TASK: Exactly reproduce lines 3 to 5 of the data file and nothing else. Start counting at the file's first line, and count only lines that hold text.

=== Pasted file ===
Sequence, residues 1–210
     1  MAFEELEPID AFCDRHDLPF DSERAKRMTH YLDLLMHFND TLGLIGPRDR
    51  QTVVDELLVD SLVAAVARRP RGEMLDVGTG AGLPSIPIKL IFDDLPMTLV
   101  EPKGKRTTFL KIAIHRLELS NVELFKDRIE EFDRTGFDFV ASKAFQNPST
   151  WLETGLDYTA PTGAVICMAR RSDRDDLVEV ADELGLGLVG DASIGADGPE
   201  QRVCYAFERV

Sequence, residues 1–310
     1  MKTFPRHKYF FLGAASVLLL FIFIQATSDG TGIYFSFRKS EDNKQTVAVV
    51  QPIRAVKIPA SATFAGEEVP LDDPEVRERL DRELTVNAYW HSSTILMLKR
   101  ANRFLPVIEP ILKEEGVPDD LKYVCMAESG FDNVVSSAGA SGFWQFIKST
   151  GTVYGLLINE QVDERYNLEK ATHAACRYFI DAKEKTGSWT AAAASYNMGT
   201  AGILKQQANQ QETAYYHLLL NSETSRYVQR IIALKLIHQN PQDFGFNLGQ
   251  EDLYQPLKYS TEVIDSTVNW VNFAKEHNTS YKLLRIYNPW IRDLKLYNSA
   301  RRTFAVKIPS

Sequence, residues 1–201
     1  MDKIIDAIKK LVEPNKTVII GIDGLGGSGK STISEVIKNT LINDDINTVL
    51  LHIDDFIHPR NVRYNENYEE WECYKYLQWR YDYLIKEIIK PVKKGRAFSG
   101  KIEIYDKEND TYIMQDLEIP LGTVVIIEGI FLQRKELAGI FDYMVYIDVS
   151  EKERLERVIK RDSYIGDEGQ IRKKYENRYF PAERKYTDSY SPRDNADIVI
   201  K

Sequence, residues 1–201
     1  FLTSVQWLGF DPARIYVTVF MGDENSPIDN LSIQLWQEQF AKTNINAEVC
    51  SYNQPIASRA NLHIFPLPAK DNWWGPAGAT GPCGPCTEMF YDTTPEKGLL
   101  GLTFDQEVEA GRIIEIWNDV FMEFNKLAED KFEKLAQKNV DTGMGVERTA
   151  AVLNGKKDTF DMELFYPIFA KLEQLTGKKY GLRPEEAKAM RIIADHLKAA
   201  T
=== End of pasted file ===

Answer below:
    51  QTVVDELLVD SLVAAVARRP RGEMLDVGTG AGLPSIPIKL IFDDLPMTLV
   101  EPKGKRTTFL KIAIHRLELS NVELFKDRIE EFDRTGFDFV ASKAFQNPST
   151  WLETGLDYTA PTGAVICMAR RSDRDDLVEV ADELGLGLVG DASIGADGPE